Good sports dramas go beyond the court or field to get you invested in the person behind the athlete. Hustle ends up being a pretty good sports film as it not only shows the heart of the athlete, but the drive of the guy behind the budding superstar.
Adam Sandler plays Stanley Sugarman, a hard-grinding scout for the Philadelphia 76ers. Along the way Stan has made plenty of contacts among the NBA’s inner circle of owners and players.
Still, the quest to find the next great international star is full of long hours, living out of hotel rooms dining on whatever fast food is available at airports.
It’s not exactly the end game Stan envisions as he’s forced to spend weeks away from his wife Teresa (Queen Latifah) and daughter Alex (Jordan Hull).
Fortunately, Stan’s boss/76ers owner, Rex Merrick (Robert Duvall) is ready to take him off the road and put him behind the bench as an assistant coach.
That doesn’t fall in line with Rex’s son, Vince (Ben Foster, The Contractor), who wants Stan to find the next NBA unicorn.
Dejected, but resigned to his career path, Stan sets back out to Spain where he indeed discovers a diamond in the rough. Bo Cruz (Juancho Hernangomez) has the raw talent to be special. All he needs is a chance and someone to believe in him.
Enter Stan, who sees a prodigy that has the potential to be a first-round draft pick. While Vince isn’t a believer, Stan might still have an avenue to get Bo into the pros via his former teammate/sports agent Leon (NBA legend Kenny Smith).
It’s not going to be easy, but with enough drive and determination both of their dreams just might come true.
Director Jeremiah Zagar doesn’t shortcut the grind with extensive training montages that show the grueling extent of the work Bo has to put in to get a shot at getting drafted.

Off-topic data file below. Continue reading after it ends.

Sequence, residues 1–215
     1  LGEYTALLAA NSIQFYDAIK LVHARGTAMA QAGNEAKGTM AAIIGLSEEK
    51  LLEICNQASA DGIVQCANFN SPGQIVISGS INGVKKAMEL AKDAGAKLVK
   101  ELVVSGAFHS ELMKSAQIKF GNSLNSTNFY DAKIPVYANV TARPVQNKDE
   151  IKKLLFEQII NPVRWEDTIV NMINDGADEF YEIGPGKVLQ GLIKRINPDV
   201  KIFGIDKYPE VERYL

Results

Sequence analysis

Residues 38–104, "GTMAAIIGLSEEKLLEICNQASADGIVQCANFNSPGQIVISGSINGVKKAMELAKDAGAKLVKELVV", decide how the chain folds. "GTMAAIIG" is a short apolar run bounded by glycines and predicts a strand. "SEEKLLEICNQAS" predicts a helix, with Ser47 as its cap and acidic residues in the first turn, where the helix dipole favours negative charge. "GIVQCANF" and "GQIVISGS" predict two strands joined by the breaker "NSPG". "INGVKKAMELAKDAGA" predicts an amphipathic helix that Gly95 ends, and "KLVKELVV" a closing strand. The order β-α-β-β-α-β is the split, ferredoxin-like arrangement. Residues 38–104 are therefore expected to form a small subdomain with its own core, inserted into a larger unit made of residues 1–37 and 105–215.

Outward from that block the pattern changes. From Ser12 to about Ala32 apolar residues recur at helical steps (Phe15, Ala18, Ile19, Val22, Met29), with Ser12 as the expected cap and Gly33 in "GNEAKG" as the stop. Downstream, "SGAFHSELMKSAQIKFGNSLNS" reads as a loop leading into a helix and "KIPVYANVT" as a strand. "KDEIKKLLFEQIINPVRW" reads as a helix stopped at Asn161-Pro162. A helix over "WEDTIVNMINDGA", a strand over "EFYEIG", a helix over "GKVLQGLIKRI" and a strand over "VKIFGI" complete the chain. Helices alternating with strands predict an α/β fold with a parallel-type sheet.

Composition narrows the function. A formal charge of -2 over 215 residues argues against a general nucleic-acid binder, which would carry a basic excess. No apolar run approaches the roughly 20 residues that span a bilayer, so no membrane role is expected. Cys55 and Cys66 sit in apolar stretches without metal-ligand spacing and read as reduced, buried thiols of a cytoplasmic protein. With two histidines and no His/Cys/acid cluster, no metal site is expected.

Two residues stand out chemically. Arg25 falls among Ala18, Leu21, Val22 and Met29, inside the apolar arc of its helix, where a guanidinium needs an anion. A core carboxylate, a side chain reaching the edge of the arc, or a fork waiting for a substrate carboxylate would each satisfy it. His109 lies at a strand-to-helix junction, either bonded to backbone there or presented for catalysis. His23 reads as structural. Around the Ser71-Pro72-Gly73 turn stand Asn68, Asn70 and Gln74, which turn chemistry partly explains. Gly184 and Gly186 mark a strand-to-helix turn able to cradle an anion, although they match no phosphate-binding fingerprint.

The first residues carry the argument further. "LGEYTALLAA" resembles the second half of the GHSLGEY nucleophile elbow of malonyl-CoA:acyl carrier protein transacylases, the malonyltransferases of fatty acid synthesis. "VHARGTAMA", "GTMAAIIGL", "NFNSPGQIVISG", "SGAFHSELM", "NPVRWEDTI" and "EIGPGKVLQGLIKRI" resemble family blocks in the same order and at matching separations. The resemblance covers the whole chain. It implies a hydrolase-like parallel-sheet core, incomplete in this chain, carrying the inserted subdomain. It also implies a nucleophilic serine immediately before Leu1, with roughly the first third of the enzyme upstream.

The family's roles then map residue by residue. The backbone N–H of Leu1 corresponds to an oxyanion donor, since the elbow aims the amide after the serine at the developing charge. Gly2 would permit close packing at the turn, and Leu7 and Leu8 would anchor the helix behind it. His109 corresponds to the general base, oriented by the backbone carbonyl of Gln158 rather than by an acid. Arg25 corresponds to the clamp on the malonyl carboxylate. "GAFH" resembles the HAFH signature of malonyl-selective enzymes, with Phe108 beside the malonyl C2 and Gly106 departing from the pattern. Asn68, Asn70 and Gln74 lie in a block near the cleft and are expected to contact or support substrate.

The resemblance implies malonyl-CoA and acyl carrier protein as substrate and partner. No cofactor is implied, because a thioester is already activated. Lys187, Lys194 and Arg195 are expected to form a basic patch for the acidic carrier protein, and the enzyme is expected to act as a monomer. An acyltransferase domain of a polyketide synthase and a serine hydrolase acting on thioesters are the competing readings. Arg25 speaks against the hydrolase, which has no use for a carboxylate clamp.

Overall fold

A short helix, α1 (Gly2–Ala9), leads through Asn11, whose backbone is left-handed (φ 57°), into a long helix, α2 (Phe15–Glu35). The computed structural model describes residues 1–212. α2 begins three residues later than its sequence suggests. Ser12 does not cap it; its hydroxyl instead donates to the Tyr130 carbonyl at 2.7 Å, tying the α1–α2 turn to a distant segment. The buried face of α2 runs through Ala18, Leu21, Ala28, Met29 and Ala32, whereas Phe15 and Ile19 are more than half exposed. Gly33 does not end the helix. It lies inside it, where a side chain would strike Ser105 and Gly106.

Zagar doesn’t make the life of an NBA prospect as glamorous as hoisting a gazillion threes trying a terrible Steph Curry impression. This makes Hustle a rarity in the sports genre by not placing arbitrary dramatic roadblocks to the aspiring star — simply getting a foot in the door requires an intense commitment to work and an unrelenting drive.
The evolution of Sandler from Saturday Night Live man child movie star to serious actor has been fascinating.
It’s the same kind of unlikely career arc that Jim Carrey followed to great acclaim as he emerged from class clown slapstick performer to a well-respected actor capable of engaging dramatic roles.
Sandler brings a surprising amount of earnestness and vulnerability to his performance. Stan hasn’t had an easy ride in life, but he’s not wracked with bitterness and frustration.
It’s not a coincidence the film is set in Philadelphia. Screenwriters Taylor Materne and Will Fetters definitely don’t mind playing up the underdog Rocky theme for both Bo and Stan’s arcs.
One huge perk of having LeBron James as a producer is Hustle isn’t lacking for NBA stars from the past and present to make a cameo.
Some play themselves in a nice nod to get younger generations to learn more of the game’s earlier legends. Current stars, like the terrific Anthony Williams, who stars as Bo’s tryout rival/tormentor Kermit Wilts, are a mix of original characters and themselves.
Zagar stages the basketball sequences with a high level of intensity without treating the action like a video game. Materne and Fetters thankfully avoid running the standard conventional sports drama cliches. Alex isn’t an aggravatingly bratty teen annoyed that Stan wasn’t around as much as she wanted.
Teresa doesn’t fix all of Stan’s problems but provides a welcome safety net when things go haywire. It’s not a multilayered role for Latifah, but one she elevates thanks to her welcoming screen presence.
Vince isn’t a villain caricature fabricating problems for Bo. And Stan and Bo aren’t frustratingly self-destructive. Bo’s path to NBA superstardom isn’t this linear path with one speed bump. There’s surprising obstacles that come off more realistic than the usual sports drama.
And there’s some fun modern flourishes that make sense in the context of the story without feeling hokey.
Hustle is an easy sports film to enjoy thanks to another winning performance from Sandler and an entertaining approach to the traditional underdog drama.